HELP Toolkit: Identifying and Responding to Family Violence for Family Law Legal Advisers – HELP Guide
The HELP approach has four components:
HAVE an initial discussion about family violence
EXPLORE immediate risks and safety concerns
LEARN more about the family violence to help you determine what to recommend to your client
PROMOTE safety throughout the family law case
This Checklist sets out the key steps of the HELP approach for identifying and responding to family violence, which are meant to be integrated flexibly into your practice. However, we recommend that you review all of the content in the HELP Guide at least once.
HAVE an initial discussion about family violence (HELP Guide Section H)
- Begin the discussion about family violence in the first meeting with a client.
- Be aware that your client may suffer from trauma, which can affect how they interact with you and the family law process (e.g., difficulty focusing, sharing or processing information or making decisions).
- Understand how overlapping identities and experiences can shape a client’s perspective and compound their experiences of family violence.
- Pay attention to potential indicators, such as the ex-partner controlling aspects of their life and ask your client about them.
- Introduce the topic of family violence if the client does not bring it up. Normalize the conversation (e.g., “I ask all my clients about their experiences with family violence…”).
- If your client agrees to proceed, ask some initial questions to begin to identify whether family violence is a concern.
- Listen without judgment, thank the client for sharing, and offer support.
- Continue to apply the HELP approach during subsequent meetings.
EXPLORE immediate risks and safety concerns (HELP Guide Section E)
- Ask the client about potential risk and safety concerns regardless of whether they have disclosed family violence.
- Ask about immediate danger and plans for staying safe. Consider referrals to appropriate community resources and whether police or child protection should be contacted.
- Discuss safe ways to contact the client and flag these clearly to your office staff.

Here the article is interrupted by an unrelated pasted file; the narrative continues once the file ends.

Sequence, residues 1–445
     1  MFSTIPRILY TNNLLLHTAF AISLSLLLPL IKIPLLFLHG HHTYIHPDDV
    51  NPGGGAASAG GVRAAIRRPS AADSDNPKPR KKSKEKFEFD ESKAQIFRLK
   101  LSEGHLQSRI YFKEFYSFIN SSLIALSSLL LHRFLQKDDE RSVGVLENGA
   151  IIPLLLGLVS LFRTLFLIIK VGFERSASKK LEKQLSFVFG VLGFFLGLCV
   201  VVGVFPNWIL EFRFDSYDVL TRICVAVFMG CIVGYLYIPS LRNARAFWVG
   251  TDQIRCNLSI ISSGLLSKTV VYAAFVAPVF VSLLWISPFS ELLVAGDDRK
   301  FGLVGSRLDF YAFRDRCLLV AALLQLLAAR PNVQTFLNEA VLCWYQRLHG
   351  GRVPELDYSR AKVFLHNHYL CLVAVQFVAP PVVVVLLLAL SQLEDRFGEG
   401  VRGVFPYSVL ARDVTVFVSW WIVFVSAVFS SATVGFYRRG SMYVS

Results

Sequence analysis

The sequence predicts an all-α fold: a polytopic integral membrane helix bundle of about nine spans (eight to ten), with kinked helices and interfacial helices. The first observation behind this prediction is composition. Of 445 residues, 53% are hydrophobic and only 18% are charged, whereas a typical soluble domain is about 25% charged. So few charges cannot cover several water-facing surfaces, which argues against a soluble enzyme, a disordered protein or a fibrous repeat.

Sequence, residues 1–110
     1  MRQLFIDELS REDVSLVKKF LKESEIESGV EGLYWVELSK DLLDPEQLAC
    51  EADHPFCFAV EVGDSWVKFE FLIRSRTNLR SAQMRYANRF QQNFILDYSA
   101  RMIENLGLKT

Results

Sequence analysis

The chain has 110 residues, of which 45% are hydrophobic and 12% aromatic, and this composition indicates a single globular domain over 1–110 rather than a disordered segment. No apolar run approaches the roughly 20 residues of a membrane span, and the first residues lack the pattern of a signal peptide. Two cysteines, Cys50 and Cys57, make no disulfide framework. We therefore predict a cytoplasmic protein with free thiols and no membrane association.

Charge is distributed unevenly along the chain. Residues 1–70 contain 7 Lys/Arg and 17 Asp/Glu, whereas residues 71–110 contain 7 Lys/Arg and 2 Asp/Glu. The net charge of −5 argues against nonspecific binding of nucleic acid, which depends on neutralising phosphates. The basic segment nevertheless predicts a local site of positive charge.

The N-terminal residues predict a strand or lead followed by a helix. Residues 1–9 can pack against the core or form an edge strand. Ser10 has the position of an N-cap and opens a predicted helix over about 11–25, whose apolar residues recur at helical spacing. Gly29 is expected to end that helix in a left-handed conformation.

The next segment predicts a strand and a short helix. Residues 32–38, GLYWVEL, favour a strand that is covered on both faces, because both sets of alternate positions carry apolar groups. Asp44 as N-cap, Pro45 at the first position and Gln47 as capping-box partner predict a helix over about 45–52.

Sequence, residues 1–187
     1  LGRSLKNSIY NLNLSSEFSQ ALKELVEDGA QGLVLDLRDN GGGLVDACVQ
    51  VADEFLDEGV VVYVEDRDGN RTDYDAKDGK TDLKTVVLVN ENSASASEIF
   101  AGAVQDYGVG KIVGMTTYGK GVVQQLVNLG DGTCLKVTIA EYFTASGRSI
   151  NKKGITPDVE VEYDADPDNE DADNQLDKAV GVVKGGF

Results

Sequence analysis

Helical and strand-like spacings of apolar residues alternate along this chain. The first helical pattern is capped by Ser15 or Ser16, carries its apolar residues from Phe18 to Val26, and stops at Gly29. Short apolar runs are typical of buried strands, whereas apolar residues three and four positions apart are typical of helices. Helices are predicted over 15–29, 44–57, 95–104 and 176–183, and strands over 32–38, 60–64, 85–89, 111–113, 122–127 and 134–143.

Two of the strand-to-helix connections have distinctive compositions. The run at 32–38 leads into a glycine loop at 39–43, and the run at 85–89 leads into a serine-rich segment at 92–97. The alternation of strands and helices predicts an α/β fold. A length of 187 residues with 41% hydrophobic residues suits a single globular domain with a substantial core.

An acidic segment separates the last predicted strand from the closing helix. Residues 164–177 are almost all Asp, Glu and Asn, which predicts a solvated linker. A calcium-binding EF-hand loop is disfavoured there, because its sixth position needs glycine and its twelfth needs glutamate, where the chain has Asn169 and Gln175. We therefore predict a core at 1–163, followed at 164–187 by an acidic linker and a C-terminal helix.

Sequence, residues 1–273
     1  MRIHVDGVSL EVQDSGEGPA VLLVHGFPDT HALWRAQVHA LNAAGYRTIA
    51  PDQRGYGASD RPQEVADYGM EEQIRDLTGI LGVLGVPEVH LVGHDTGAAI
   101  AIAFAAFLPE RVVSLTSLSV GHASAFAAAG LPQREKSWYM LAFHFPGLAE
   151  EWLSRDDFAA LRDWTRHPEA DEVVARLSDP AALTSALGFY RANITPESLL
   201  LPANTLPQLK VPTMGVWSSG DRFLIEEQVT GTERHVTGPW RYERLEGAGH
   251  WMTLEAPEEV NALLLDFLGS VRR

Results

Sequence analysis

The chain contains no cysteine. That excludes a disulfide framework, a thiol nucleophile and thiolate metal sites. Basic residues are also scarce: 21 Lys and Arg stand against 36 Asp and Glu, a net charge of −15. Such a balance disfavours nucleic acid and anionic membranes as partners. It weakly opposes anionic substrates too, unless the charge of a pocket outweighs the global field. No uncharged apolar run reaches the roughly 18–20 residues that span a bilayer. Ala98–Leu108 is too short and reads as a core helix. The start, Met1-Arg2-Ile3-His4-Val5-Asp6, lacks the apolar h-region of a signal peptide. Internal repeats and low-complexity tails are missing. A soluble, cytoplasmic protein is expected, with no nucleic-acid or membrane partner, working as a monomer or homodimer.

LEARN more about the family violence to help you determine what to recommend to your client (HELP Guide Section L)
- Ask about different forms of family violence based on what your client has shared in initial discussions, and explain why this information is relevant to their case.
- Do not ask questions as a checklist. Ask about family violence sensitively and in a way that follows the flow of the discussion with your client.
- Try to understand the seriousness, frequency and duration of family violence, and look for patterns of abusive behaviour, particularly coercive and controlling behaviour.
- Be aware that your client may have engaged in family violence.
- Revisit the issue of family violence throughout the family law case, regardless of whether there was an initial disclosure.
PROMOTE safety throughout the family law case (HELP Guide Section P)
- Remember that separation is a time of heightened risk for family violence.
- Discuss with your client how the family law process can increase risk. Adopt strategies to reduce your client’s risk in relation to the family law process.
- Develop a safety plan to protect your safety and that of your office staff.
- Be aware of how your cases involving family violence and the trauma experienced by your clients may be affecting you.
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